“We’re very happy to be here. We have big expectations this week. We’ve done some practicing at home and expect a good result this week.”
“It’s my first time sailing a catamaran, but I’ve been speaking with Nathan (Outteridge), who’s a friend of mine and I don’t think it will be that difficult a transition. The reactions are similar to that of a 49er, but you have to adjust your timing. But the 49er is more difficult in the windy conditions because it is more unstable. You can’t control it; it controls you.”
The AC45 is the “quarterhorse” design created specifically for use in the America’s Cup World Series and the Red Bull Youth America’s Cup.
Stout and nimble, the AC45 is a one-design. That is, all the major elements of the yacht – such as hulls, daggerboards, rudders, and wing sail – are identical. With all of the crews sailing identical yachts a greater emphasis is placed on boathandling and tactics.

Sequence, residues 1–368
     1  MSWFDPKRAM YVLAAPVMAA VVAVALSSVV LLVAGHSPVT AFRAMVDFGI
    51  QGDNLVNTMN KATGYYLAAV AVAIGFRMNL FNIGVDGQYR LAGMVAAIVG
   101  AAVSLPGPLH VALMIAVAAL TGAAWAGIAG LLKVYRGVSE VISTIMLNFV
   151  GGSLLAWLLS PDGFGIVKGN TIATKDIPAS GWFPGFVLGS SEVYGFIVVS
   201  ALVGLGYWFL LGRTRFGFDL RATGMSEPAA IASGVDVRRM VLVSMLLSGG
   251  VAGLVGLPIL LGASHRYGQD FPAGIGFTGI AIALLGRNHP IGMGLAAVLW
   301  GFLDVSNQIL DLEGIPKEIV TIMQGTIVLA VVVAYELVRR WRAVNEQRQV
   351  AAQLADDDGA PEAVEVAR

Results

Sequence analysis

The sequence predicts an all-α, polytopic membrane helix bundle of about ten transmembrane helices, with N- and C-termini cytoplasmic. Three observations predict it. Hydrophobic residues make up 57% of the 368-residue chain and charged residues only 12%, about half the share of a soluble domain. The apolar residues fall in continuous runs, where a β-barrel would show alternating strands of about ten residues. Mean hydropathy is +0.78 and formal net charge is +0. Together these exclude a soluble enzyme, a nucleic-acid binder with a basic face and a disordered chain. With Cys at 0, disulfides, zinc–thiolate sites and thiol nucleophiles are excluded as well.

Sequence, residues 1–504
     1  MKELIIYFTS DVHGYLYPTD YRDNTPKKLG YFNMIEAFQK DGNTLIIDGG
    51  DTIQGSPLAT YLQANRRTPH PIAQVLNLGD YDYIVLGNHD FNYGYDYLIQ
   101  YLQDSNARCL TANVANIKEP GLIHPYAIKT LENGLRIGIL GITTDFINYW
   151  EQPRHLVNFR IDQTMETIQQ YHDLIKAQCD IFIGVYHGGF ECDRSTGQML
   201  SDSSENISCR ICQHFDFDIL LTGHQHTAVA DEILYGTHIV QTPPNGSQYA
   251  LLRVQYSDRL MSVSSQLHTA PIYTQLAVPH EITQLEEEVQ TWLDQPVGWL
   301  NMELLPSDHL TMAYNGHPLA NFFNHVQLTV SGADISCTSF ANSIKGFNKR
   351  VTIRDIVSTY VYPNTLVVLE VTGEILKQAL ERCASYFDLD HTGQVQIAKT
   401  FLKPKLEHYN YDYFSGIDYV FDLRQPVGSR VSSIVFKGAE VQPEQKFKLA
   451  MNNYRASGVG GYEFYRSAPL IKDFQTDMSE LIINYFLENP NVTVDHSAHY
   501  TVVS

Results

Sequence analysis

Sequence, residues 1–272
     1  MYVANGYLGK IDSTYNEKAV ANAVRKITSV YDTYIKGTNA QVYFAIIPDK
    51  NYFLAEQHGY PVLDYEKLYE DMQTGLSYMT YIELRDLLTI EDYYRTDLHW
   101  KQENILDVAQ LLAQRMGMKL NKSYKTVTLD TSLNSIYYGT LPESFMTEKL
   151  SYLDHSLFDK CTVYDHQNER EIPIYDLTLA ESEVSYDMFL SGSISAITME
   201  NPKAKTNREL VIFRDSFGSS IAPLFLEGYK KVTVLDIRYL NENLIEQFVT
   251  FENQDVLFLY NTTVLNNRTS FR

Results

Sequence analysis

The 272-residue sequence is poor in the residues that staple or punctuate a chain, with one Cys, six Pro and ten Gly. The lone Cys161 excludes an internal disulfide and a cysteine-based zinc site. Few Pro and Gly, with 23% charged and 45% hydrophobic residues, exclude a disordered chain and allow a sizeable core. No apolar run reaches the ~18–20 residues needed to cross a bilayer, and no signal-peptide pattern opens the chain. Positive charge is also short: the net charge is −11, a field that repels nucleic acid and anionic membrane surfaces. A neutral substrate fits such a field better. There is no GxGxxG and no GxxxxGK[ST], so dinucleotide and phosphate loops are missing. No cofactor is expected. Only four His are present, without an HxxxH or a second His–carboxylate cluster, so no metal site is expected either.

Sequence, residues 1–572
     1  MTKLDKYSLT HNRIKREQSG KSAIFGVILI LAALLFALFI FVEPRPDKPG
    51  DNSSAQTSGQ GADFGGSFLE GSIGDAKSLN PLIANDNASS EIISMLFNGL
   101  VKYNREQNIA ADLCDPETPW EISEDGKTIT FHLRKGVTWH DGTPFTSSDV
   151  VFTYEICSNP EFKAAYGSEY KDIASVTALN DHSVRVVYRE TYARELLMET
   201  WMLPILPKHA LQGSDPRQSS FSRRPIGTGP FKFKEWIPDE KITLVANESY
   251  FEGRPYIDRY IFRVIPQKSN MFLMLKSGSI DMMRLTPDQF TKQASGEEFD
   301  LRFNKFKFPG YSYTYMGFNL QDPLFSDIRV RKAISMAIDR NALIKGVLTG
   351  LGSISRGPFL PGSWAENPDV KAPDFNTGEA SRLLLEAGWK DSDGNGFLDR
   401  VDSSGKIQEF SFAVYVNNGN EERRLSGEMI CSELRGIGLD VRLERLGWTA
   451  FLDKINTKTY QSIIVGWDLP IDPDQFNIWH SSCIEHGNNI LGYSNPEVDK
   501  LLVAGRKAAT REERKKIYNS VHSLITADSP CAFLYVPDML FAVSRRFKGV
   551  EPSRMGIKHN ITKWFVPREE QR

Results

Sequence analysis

The AC45 features a wing sail that stands 70 feet tall. The catamaran was designed to introduce America’s Cup crews to the intricacies of wing sail racing. Wing sails are not uncommon technology, but they are “new equipment” in the realm of the America’s Cup.
In the AC World Series the boats are sailed by a crew of five and it’s not uncommon to see the sailors doubled over on the trampoline in between races, their chests heaving as they try to catch their breath. If you’re not in peak physical shape you’ll have trouble getting around the racecourse.
In the Red Bull Youth America’s Cup the boats will be sailed by a crew of six, the extra crew owing to the physical nature of the boat.
Forward sails include a jib, for use when sailing upwind, and a gennaker, for high-speed sailing off the wind.
AC45 Principal Dimensions
Length 13.45 m (44 feet)
Maximum Beam 6.9 m (22.6 feet)
Mast Height 21.5 m (70.5 feet)
Maximum Draft 2.7 m (8.8 feet)
Displacement 1,400 kg (3,086 lbs.)
Wing sail area 83.5 sqm (900 sq ft)
Jib area 48 sqm (516 sq ft)
Gennaker Area 125 sqm (1,345 sq ft)